BEACONSFIELD, a town in the Wycombe parliamentary division of Buckinghamshire, England, 23 m.
He would have taken his title from Beaconsfield had he survived to enter the peerage.
Benjamin Disraeli chose the title of earl of Beaconsfield in 1876, his wife having in 1868 received the title of Viscountess Beaconsfield.
While in the interests of his canal Lesseps had resisted the opposition of British diplomacy to an enterprise which threatened to give to France control of the shortest route to India, he acted loyally towards Great Britain after Lord Beaconsfield had acquired the Suez shares belonging to the Khedive, by frankly admitting to the board of directors of the company three representatives of the British government.
This tract, the remnant of an ancient forest, the more beautiful because of the undulating character of the land, lies west of the road between Slough and Beaconsfield, and 2 m.
In 1877 he was appointed by Lord Beaconsfield ambassador at Constantinople, where he remained until Gladstone's return to power in 1880, when he finally retired from public life.
When Lord Beaconsfield resigned, the queen sent for Lord Hartington, the titular leader of the Liberals, but he and Lord Granville assured her that no other chief than Gladstone would satisfy the party.
BEACONSFIELD, a town of South Africa in Griqualand West, about 3 m.
Beaconsfield was founded in 1870 near the famous Dutoitspan diamond mine.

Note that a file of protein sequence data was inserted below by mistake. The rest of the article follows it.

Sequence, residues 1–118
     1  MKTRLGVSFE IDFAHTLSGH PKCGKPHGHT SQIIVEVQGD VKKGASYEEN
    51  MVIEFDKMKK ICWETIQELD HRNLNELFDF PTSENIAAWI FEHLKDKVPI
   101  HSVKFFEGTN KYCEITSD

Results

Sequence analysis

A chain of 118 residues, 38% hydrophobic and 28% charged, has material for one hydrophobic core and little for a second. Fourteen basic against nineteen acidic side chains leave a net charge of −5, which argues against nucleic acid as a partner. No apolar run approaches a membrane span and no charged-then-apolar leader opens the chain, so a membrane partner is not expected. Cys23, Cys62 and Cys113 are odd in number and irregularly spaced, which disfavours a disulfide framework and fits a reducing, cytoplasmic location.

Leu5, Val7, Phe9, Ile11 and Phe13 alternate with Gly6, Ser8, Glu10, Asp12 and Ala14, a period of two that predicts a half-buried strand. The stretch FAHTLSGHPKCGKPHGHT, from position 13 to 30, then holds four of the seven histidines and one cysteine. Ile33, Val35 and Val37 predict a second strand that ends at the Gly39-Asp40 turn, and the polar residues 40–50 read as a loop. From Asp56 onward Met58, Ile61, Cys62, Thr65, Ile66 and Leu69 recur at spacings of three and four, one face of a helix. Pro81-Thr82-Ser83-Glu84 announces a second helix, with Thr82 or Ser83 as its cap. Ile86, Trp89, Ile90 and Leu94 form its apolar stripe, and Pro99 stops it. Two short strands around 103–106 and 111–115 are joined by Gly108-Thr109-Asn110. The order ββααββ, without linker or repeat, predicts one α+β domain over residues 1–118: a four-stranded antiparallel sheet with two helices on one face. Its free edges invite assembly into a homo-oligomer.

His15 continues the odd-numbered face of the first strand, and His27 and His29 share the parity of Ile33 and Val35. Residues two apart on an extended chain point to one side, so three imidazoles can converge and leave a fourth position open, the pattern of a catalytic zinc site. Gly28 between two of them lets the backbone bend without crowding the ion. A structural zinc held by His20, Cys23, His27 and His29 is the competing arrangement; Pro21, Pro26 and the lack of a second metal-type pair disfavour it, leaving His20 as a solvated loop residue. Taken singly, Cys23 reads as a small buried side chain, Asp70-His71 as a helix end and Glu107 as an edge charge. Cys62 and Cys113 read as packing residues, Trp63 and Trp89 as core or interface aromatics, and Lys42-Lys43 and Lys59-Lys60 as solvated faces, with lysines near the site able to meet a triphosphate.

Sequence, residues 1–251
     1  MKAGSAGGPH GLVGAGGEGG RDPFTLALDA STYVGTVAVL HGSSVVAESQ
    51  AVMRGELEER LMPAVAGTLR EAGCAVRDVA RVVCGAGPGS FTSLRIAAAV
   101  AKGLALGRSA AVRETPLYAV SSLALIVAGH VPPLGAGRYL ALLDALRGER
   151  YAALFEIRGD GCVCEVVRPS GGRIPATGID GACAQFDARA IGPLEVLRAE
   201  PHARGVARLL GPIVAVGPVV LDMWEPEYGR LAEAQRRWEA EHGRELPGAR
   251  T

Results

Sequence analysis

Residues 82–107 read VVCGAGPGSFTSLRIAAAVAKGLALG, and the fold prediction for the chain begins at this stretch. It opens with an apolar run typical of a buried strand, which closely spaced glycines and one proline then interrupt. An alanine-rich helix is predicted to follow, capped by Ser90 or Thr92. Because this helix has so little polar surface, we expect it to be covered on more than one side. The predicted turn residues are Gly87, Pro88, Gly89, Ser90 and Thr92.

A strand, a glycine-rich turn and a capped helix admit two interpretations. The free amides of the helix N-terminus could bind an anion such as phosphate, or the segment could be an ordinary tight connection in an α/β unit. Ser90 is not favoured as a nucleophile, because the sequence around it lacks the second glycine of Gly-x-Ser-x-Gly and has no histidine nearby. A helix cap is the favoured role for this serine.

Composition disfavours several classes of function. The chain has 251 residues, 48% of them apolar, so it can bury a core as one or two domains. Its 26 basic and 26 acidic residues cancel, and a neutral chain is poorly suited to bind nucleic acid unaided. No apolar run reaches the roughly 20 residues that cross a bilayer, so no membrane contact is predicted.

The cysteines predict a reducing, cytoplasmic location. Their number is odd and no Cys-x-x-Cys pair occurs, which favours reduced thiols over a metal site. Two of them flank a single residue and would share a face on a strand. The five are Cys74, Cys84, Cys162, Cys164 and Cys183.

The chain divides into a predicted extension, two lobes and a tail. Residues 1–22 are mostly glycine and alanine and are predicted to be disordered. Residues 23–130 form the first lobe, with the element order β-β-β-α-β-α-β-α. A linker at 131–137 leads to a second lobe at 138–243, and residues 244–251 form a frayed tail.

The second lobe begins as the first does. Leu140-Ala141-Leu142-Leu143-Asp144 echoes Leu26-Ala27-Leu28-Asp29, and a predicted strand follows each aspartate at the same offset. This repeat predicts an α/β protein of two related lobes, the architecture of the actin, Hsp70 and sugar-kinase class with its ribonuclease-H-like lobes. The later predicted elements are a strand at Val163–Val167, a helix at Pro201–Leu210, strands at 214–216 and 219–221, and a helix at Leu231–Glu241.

Beaconsfield, England >>
BEACONSFIELD, a town of Devon county, Tasmania, on the river Tamar, 28 m.
Beaconsfield, South Africa >>
C.) (or Disraeli), (1766-1848), English man of letters, father of the earl of Beaconsfield, was born at Enfield in May 1766.
Basevi, by whom he had five children, of whom Benjamin (afterwards Lord Beaconsfield and Prime Minister of England) was the' second.
His strong facial resemblance both to Lord Beaconsfield and to Sir John Macdonald marked him out in the public eye, and he captured attention by his charm of manner, fine command of scholarly English and genuine eloquence.
The primrose is associated with the name of Lord Beaconsfield (q.v.), as being preferred by him to other flowers.
In the spring of 1881 he preached funeral sermons in the abbey on Thomas Carlyle and Lord Beaconsfield, concluding with the latter a series of sermons preached on public occasions.
Subsequently an alternative route out of London was constructed between Neasden and Northolt, where it joins another line, of the Great Western railway, from Acton, and continues as a line held jointly by the two companies through Beaconsfield and High Wycombe.